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Parables from the Arcade

Posted by A. Mclernon-Smith | Found in: Secondary

Just two short years ago, we didn't exist. But now we’re a collaboration of four great musical minds, formed into a singular harmony.

Hi, I’m Ashton, the drummer from Shraders Arcade, in this article I’ll be telling our story.

It all started in the summer of ‘17 or ’18, the band can’t decide if it was December or January, but it was during a hot Perth summer.

Isaac (The bassist) made a group chat on iMessage called ‘band’ which had me, Jonathan (The guitarist) and Isaac himself. He asked us if we wanted to start up a band, to which Jonathan and I replied, “yes of course!”. Isaac offered to host the jam sessions and on Saturday and from that point onwards the rest was history.

We share many memories together, we are closer to each other as friends than anyone else. Our experiences in the band differ ever so slightly in the way we play, we talk about new song ideas, performance locations and were even considering getting some of our songs featured on a local radio station. When you play in a band you get exposed to a lot of different stuff that’s going to be new to you. For example, the first time I played live was at the Artisan Markets; it went awful but it made me better and motivated to continue. There was no doubt in my mind that my first live performance was going to be perfect *SPOILER ALERT* it never ever goes the way we plan it and the real experience is how you adapt to it.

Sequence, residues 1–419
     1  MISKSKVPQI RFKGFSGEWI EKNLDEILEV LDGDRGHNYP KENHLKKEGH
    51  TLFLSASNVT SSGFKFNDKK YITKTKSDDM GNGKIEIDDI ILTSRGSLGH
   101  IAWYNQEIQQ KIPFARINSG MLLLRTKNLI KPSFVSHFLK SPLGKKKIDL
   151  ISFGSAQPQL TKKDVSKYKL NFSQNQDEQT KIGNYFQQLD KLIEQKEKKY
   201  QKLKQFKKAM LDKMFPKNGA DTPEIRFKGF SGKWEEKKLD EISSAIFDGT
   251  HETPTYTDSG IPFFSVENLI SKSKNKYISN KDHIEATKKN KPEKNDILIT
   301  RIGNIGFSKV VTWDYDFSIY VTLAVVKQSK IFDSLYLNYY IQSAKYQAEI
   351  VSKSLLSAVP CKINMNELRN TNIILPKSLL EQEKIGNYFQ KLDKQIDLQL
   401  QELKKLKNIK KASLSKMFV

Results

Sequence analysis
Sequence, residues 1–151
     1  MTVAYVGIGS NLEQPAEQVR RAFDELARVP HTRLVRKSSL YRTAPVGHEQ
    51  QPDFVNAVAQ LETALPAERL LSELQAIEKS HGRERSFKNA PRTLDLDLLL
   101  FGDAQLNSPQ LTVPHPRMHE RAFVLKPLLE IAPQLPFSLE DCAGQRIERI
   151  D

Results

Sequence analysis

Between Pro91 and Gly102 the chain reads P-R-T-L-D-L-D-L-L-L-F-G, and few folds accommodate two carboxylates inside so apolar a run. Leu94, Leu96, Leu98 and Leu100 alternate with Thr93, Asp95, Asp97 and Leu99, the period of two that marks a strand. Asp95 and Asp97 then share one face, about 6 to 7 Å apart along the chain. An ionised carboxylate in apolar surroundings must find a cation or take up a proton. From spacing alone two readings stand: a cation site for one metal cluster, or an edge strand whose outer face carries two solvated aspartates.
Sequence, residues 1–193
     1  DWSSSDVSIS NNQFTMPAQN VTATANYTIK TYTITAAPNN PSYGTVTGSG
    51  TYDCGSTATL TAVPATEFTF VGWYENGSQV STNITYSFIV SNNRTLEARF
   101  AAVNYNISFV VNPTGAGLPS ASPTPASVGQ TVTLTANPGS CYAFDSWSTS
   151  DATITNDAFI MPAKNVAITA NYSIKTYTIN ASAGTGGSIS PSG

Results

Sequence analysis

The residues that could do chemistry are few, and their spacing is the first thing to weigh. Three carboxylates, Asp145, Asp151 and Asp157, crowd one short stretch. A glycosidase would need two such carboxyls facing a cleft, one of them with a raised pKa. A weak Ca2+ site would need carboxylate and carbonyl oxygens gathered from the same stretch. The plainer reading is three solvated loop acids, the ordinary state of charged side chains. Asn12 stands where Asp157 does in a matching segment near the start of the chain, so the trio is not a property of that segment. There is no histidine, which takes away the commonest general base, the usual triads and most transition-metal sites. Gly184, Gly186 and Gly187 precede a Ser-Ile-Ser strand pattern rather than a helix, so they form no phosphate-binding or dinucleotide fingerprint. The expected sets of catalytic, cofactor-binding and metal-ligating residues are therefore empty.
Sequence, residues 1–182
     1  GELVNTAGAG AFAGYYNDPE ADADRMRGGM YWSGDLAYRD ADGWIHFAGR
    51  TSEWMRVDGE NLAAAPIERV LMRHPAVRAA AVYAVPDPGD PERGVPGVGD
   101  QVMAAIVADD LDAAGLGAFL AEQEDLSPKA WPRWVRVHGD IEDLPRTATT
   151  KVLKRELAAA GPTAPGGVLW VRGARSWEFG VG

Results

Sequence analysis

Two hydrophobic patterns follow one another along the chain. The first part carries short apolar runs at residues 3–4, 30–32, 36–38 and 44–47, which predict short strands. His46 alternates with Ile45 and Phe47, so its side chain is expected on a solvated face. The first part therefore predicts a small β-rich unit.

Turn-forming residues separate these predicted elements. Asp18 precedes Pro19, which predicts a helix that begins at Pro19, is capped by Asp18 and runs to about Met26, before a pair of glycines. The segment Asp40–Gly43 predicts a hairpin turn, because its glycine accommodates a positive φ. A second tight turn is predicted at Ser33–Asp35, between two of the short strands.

I can’t remember much before the birth of Shraders Arcade but from what I do remember, I felt empty. Like there was a part of me that was incomplete, but I could never comprehend what it was. I would never have guessed that starting a band would have filled my empty mind, let's keep in mind here I never knew how to play drums before being in a band and playing with those other people helped me stay motivated and excited to learn something different.

The second stage of the band I feel we’ve achieved is the production and execution of original songs, within the last year we have managed to create 8 original songs. Once you’ve made 8 songs that’s usually enough to start recording them. A lot of money and time goes into recording a song, the hardest part to record is the drumkit.

Trust me, I have had many problems with it.

You need to buy drum microphones  specifically built for each component of the kit, a microphone built for the kick drum, another for the snare, the toms and overhead options that pick up the cymbals and reverb. Every other component of recording is easy, the guitar, bass and vocals need only 1 mic.

Mixing what you have recorded is the second hardest thing to do in a song, you must have knowledge of the software you use and the time to master the art of panning and volume of each track. All in all, recording is no easy feat but the result when you have a song to listen to is the most rewarding thing about it all.